n this time of recession and lay offs, while most of us are clutching tightly at our purse strings and praying for better times ahead, there are a few who have decided to take advantage of the economic slowdown and launch their own businesses -- one where the costs are low, returns are immediate and there is no fear of being laid off!
Shashank Agarwal, Akhilesh Bali, Ashutosh Dixit and Rachit Mehra are four engineering graduates who decided not to go the conventional route of a 9-to-5 job, but started up an enterprise of their own instead.
These four 22-year-olds came up with a low-cost, innovative idea of setting up a web portal for people to order mithais for their loved ones. MithaiMate.com has tied up with several reputed sweet brands to provide you with fresh mithai at your doorstep, within 24 hours of the order being placed.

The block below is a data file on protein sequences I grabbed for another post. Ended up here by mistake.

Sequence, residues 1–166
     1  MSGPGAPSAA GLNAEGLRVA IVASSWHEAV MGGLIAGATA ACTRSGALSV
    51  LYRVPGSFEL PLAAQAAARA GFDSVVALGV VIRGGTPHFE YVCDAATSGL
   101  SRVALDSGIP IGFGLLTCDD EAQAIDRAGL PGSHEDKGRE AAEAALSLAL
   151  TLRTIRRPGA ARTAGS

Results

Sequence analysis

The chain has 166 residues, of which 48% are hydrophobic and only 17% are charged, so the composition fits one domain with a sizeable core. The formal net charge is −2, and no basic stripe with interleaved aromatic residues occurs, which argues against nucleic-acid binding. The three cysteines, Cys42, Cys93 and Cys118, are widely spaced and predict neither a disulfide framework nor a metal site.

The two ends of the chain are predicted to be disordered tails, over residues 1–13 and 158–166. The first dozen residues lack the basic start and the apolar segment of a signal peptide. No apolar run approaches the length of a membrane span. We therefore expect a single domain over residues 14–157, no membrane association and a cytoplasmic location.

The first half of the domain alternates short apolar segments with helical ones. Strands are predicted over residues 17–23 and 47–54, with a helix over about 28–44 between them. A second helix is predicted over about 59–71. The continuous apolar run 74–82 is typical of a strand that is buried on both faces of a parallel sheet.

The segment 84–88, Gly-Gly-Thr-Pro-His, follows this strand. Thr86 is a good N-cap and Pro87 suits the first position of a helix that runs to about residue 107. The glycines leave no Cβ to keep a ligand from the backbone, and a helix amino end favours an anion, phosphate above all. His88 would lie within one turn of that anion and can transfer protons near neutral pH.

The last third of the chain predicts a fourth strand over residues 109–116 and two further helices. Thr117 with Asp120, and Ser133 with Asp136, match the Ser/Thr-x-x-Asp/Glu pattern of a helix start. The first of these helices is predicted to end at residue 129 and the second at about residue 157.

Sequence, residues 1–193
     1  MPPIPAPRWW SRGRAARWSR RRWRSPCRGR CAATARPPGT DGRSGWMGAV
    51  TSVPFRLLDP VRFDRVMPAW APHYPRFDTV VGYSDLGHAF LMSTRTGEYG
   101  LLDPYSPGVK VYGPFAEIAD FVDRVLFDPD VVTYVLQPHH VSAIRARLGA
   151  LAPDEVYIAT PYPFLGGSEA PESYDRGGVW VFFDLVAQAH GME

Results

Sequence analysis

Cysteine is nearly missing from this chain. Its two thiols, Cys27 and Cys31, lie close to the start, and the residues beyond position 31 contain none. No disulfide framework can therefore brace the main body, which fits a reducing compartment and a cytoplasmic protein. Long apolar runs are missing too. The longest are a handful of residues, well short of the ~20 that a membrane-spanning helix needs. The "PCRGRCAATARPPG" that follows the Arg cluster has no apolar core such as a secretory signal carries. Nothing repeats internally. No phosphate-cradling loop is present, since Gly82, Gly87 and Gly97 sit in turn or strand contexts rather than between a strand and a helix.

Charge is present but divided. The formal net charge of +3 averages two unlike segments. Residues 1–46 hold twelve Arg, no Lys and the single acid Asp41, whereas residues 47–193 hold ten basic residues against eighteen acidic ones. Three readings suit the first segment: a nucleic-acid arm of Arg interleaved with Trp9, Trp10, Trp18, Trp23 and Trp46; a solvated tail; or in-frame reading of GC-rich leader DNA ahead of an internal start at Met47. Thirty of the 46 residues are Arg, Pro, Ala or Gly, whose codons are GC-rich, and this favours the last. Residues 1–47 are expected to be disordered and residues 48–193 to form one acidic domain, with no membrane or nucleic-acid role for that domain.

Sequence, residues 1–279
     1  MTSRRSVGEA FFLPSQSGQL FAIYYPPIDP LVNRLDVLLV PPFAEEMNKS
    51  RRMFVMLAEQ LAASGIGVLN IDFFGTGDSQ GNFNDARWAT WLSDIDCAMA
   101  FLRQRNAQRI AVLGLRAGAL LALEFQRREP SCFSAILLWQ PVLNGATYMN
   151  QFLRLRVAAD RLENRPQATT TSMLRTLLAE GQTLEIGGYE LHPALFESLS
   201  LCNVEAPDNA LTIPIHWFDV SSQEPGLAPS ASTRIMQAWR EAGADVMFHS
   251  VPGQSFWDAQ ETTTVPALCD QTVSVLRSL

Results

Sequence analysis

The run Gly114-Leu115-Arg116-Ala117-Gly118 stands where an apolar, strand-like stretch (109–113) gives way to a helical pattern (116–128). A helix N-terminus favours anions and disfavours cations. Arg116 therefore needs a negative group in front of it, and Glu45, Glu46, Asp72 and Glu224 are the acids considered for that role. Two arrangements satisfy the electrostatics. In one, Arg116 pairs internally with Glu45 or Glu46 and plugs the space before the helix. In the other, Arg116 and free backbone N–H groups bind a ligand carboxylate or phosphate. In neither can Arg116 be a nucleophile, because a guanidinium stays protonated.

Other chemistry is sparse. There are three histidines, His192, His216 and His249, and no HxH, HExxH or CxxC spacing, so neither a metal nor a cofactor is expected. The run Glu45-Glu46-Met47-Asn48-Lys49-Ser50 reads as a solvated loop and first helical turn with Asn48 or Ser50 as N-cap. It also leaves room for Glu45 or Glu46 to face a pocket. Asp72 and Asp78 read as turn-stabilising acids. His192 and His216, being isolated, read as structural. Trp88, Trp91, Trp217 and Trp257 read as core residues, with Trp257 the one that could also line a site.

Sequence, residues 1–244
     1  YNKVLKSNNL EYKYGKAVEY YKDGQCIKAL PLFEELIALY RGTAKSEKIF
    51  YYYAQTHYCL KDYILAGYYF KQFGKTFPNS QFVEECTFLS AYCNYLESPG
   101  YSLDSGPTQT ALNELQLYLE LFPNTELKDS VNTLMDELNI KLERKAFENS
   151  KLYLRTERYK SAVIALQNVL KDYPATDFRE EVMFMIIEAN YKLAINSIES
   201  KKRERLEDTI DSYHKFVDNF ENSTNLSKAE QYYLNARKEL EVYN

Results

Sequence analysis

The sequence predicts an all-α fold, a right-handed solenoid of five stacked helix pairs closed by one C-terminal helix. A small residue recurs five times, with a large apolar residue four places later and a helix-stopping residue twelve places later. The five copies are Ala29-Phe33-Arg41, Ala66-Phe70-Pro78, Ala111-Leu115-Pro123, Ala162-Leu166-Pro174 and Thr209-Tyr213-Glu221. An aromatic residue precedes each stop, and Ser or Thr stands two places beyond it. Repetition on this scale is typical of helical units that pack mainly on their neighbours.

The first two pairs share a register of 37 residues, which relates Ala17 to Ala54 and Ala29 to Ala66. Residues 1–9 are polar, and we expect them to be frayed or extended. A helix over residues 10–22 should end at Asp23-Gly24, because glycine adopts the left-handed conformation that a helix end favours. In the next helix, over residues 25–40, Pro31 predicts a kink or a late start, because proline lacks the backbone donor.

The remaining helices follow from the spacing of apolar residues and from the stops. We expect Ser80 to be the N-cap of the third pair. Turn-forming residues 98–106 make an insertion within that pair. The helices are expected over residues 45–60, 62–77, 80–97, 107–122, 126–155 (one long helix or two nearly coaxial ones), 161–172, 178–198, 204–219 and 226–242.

rediff.com caught up with Shashank Agarwal, one of the founder members of the business, to learn more about the business, the roadblocks they faced on the way, and their advice to wannabe entrepreneurs.
How did you come up with the idea of launching MithaiMate?
Online gifting is quite a popular concept abroad. Even in India, it's catching on. For example, Ferns 'n' Petals does flower deliveries, and people are using their service. But we thought that Indians would prefer mithais as an ideal gift. Mithais are a very big part of Indian celebrations, and also, it's what we do best. If I were to gift someone an electronic item, buying it from India would cost me more than if I bought it from abroad. But mithais are something that only India does well. And it's a great gift for NRIs to send their Indian relatives and friends too.
We've always been interested in starting something on our own. When we were in college, my friends and I made customised T-shirts for our fellow students. You see, in engineering colleges, there is often an identity crisis between students of different batches -- so we thought customised T-shirts would be a fun way to differentiate between the different batches.